Wednesday, April 29, 2009

Sac'to Court to hear motion for summary judgment on Lehr v. Sac'to

Loaves & Fishes is distributing flyers to spur attendance at a hearing at U.S. 9th District Court at 501 "I" Street in downtown Sacramento, that will rule on a summary judgment motion with respect to the long-standing case of Anthony Lehr, et al v. City of Sacramento, et al.

The flyer tells us that the hearing will be in Dept. 7 at 2PM on April 30 before Judge Morrison C. England, Jr.

Information on the lawsuit, that was filed August 2, 2007, can be found at the Loaves & Fishes website. L&F, in addition to the homeless-aid organizations SHOC and Francis House, have joined the suit as as plaintiffs. Other information on the beginnings of the lawsuit can be found at the Homeward Street Journal wikispace.

Per the L&F webspace,
The lawsuit challenges the confiscation of personal property belonging to homeless people by the City and County and the practice of law enforcement agencies writing citations for illegal camping to homeless persons sleeping on public property during the night while there is not adequate shelter space.
SacHo has no information on which side in the lawsuit filed the motion, or what it entails. One possiblity is that the City of Sacramento is asking that the suit be summarily dismissed. And the L&F flyer is, then, an attempt to raise a crowd to boo or protest, should the judge affirm the defense team's motion.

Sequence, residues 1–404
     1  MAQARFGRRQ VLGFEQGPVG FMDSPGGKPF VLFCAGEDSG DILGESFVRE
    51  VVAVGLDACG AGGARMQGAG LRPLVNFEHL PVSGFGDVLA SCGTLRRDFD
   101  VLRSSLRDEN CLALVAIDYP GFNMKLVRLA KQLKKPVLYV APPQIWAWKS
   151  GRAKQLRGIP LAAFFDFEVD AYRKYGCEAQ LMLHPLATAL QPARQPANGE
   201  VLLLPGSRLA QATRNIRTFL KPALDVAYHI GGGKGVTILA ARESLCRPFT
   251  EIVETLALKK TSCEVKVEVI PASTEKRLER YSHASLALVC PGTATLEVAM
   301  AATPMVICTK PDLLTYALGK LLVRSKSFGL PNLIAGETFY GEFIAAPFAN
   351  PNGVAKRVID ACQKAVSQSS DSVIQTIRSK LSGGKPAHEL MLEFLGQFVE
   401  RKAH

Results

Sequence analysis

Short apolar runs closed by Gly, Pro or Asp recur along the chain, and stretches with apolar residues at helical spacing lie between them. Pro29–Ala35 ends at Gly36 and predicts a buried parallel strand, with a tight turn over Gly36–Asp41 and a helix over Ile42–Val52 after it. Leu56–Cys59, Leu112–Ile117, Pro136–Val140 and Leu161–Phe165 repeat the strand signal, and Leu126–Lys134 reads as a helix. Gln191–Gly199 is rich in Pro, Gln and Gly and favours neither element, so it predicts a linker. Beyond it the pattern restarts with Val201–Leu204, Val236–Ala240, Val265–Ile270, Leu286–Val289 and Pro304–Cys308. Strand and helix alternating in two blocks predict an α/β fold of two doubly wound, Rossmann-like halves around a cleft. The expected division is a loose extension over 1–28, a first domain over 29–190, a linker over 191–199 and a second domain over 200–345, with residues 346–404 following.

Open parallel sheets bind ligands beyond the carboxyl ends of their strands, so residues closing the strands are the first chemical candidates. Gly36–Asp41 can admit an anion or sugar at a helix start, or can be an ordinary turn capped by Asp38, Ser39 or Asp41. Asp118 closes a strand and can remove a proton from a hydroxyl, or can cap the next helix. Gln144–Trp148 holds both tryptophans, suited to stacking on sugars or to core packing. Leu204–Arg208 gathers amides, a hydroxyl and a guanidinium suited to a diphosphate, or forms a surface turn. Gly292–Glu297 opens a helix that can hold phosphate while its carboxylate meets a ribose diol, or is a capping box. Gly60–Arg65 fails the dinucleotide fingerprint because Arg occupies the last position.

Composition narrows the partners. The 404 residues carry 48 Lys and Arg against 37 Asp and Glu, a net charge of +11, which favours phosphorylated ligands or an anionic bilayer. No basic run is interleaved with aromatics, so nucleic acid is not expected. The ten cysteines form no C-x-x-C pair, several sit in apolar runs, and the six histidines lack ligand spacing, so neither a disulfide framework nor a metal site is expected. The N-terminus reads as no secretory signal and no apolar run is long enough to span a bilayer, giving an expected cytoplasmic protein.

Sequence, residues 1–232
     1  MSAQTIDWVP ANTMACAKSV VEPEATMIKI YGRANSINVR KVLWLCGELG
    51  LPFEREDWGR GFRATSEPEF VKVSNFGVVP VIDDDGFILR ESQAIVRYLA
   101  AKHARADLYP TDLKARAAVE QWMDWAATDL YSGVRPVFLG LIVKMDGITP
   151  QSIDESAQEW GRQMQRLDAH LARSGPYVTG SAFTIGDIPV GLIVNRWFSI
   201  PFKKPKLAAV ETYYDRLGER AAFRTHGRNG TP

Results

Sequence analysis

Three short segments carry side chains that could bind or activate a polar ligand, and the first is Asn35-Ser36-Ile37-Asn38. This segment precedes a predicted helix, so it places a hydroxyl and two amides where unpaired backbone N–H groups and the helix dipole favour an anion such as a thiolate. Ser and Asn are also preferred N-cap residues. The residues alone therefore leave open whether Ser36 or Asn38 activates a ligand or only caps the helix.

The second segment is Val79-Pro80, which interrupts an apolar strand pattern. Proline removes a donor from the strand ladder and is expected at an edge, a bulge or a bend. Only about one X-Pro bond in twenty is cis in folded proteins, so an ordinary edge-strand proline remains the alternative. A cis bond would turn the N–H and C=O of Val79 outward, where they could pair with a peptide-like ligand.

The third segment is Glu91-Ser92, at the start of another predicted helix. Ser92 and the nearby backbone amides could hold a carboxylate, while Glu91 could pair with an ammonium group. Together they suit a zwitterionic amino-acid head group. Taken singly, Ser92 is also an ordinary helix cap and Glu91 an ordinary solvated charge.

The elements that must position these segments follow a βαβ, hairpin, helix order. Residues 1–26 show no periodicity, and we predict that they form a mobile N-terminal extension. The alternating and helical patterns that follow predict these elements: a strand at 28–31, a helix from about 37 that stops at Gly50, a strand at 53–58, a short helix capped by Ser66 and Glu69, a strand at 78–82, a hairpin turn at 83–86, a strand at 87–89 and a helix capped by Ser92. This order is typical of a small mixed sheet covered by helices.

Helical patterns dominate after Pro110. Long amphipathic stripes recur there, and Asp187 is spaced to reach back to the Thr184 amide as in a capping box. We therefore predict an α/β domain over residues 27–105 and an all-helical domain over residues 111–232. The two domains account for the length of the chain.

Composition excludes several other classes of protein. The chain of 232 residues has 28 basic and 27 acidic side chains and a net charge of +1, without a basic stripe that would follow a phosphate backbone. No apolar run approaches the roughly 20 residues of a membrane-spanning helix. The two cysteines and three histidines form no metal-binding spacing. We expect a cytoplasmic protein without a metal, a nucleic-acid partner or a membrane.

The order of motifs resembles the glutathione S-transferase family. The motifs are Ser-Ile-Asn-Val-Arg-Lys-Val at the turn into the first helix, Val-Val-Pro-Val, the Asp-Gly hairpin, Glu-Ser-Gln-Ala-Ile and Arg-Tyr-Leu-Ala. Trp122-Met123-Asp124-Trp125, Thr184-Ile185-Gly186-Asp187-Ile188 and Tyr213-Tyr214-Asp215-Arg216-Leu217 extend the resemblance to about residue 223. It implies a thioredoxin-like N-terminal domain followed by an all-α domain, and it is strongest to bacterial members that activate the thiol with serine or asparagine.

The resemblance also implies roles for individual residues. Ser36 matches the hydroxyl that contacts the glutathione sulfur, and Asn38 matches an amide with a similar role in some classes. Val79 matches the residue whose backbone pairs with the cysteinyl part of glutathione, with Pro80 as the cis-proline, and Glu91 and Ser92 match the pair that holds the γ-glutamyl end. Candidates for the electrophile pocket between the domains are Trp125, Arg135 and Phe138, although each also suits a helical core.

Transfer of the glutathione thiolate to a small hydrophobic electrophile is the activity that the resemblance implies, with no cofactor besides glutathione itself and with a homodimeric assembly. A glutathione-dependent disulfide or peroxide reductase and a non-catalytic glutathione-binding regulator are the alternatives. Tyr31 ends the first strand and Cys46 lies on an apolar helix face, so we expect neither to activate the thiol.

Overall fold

Update 4/30/09 10am: I've learned that it is the plaintiff's lead lawyer, Mark Merin, who submitted the summary-judgment motion. What the motion is, specifically, remains unknown to me. Certainly, I wish Merin and the many plaintiffs good luck with the suit and the motion.

Update 5/1/09: Now I learn that my 4/30 information was wrong and that my original supposition was partially right. The summary judgment motion came from the defendent. Sacramento, et al, asked the judge to dismiss at least part of the lawsuit, including issues related to illegal-camping ordinances. The judge promised to rule on the motion within ten days.

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